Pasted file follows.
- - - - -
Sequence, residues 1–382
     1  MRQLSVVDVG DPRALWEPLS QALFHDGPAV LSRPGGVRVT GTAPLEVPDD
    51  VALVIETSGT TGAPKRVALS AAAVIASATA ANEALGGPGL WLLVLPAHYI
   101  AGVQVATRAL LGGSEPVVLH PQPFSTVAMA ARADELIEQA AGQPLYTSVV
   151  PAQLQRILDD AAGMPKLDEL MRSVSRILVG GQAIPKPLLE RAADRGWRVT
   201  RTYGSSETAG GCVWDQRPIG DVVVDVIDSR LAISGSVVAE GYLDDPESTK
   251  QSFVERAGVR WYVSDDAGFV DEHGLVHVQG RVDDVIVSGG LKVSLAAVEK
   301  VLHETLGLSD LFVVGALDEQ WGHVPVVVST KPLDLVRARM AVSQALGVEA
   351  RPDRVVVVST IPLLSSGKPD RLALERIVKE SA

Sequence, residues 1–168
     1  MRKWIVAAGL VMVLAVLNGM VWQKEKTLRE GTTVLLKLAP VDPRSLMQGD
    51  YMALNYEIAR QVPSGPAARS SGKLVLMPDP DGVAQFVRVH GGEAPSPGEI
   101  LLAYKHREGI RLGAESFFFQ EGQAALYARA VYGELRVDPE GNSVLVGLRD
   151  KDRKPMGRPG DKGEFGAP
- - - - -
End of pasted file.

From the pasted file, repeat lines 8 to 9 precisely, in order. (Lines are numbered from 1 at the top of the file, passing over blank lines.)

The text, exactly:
   301  VLHETLGLSD LFVVGALDEQ WGHVPVVVST KPLDLVRARM AVSQALGVEA
   351  RPDRVVVVST IPLLSSGKPD RLALERIVKE SA